Hands-on food of the hungry is the hope of poverty : concept of homelessness

A Miami custodian has fed thousands of hungry people for free since the start of the COVID-19 pandemic just because it seems like the right thing to do.

Doramise Moreau, a 60-year-old widow who lives with her children, a nephew and three grandchildren, manages to cook 1,000 meals a week for the hungry while also working as a part-time school custodian, the Associated Press reports.

Moreau cooks meals of chicken, turkey, dried beans, yellow rice and spices for free with the help of Notre Dame d'Haiti Catholic Church, which pays for the food using donation money. Not only does Moreau do the cooking, but she also takes the church truck to buy the groceries every Thursday and Friday. Other church volunteers then serve or deliver the food to those who cannot leave their home.

Moreau's love and empathy has been apparent since her childhood in Haiti. The young Moreau would sift through her parents' kitchen to grab rice, beans, and maybe some onion and corn that she would cook up and give to the poor. Moreau said the act would get her in great trouble with her mother, but she continued to do it anyway.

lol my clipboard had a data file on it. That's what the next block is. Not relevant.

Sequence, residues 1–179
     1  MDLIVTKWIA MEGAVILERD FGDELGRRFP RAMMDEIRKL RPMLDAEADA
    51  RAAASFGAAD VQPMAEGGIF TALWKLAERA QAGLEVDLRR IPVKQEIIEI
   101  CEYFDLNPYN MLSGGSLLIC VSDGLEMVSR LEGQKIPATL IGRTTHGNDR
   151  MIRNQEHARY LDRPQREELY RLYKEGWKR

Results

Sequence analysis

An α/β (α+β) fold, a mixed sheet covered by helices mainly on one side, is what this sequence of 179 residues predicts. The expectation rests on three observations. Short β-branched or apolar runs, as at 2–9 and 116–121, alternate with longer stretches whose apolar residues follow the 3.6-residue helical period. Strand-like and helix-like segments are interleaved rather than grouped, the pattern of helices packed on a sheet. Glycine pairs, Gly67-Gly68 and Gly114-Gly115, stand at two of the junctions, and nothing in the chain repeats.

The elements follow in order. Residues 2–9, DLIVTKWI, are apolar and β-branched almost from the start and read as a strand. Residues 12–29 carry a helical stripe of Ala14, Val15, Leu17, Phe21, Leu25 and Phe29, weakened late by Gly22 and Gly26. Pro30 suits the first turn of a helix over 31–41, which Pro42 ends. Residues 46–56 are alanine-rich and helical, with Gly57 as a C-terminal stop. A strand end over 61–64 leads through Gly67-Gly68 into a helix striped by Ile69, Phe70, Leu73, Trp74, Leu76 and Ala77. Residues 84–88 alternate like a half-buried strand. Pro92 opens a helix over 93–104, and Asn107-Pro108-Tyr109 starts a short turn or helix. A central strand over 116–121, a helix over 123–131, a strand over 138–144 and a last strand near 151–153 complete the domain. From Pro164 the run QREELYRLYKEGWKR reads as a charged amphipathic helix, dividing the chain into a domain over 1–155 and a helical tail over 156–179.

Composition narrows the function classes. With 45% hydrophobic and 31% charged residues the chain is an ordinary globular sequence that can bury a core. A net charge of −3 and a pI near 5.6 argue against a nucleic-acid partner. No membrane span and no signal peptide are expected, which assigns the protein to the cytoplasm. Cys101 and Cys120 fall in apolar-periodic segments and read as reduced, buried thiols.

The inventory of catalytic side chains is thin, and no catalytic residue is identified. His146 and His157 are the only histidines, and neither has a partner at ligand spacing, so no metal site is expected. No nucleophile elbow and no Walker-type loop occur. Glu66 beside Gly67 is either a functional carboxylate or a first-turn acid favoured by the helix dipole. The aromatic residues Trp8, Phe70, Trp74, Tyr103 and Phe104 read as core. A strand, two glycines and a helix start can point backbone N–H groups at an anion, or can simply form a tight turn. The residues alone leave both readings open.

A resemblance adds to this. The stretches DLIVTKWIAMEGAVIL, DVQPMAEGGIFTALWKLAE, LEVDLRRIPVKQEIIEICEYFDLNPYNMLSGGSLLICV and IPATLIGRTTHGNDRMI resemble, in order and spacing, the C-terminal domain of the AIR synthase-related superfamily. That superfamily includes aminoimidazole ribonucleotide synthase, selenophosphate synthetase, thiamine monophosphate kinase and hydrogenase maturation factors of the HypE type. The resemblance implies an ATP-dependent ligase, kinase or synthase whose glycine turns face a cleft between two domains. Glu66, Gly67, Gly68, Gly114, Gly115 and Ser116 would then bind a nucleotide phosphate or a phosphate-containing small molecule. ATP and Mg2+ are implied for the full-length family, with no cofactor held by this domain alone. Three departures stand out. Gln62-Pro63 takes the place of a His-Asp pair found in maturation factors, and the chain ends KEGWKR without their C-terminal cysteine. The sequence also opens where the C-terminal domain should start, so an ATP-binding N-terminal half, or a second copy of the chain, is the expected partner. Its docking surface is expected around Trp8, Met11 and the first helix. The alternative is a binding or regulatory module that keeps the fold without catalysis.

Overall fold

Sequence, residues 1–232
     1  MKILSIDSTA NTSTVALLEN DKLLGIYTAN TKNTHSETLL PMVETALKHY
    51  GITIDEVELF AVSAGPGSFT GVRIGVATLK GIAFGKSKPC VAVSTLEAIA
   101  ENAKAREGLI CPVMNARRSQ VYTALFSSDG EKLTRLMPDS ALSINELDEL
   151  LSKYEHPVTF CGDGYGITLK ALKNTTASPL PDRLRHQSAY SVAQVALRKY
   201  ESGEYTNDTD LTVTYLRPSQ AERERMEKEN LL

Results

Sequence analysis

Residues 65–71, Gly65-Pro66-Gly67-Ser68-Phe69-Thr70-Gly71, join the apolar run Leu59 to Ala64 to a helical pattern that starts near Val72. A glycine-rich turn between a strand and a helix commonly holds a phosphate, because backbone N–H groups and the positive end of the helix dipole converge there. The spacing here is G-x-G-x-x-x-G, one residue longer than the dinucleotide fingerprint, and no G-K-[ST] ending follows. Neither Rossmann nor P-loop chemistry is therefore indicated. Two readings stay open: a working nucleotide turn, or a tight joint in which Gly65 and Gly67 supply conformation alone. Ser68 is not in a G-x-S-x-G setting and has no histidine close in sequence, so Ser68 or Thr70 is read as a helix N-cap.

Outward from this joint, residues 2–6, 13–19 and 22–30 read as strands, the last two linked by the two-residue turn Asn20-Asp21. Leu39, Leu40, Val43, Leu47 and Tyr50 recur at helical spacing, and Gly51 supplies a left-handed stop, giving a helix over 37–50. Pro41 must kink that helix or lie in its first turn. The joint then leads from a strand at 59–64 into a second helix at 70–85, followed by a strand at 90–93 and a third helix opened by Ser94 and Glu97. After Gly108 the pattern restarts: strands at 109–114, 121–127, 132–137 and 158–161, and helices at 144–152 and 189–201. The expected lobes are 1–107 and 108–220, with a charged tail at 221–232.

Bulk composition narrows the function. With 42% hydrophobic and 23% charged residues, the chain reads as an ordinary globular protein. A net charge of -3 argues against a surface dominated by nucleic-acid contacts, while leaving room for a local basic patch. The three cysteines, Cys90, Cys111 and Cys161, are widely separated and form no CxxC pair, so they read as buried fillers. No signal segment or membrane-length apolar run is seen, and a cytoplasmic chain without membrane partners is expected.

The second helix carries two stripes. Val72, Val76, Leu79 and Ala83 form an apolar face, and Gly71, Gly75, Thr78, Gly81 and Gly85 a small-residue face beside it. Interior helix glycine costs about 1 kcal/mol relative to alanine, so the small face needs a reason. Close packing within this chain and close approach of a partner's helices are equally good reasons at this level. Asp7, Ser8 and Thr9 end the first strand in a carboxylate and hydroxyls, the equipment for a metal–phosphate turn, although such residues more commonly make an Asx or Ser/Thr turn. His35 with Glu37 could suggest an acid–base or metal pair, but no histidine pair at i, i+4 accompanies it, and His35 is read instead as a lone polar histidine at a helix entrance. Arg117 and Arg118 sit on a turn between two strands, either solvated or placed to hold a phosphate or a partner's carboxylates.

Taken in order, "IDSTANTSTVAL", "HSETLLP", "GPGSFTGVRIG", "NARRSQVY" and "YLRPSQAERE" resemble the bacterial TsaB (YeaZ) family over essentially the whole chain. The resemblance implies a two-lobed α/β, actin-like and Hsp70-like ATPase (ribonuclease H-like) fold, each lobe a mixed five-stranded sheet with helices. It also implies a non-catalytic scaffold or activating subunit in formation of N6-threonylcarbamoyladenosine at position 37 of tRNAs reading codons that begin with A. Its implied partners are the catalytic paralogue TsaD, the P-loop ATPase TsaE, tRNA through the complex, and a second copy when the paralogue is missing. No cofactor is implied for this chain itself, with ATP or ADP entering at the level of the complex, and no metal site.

Moreau still gives back to Haiti. She uses some of the little money she makes to buy pallets of food that she sends back to her family and neighbors still living in her childhood village.

In addition to her cooking, Moreau prepares a type of Haitian hot tea before work. The tea is given out to church staff, police and leaders in her community. 

Moreau was recently treated with something for all of her love and hard work. The significant gift was a new Toyota Corolla from the Martin Luther King Economic Development Corporation, which helps finance cars for community service providers through grants. Moreau has to pay $125 a month towards the car for three years, then it's totally hers.

Now, Moreau can report for her custodial shifts without having to take the bus to work.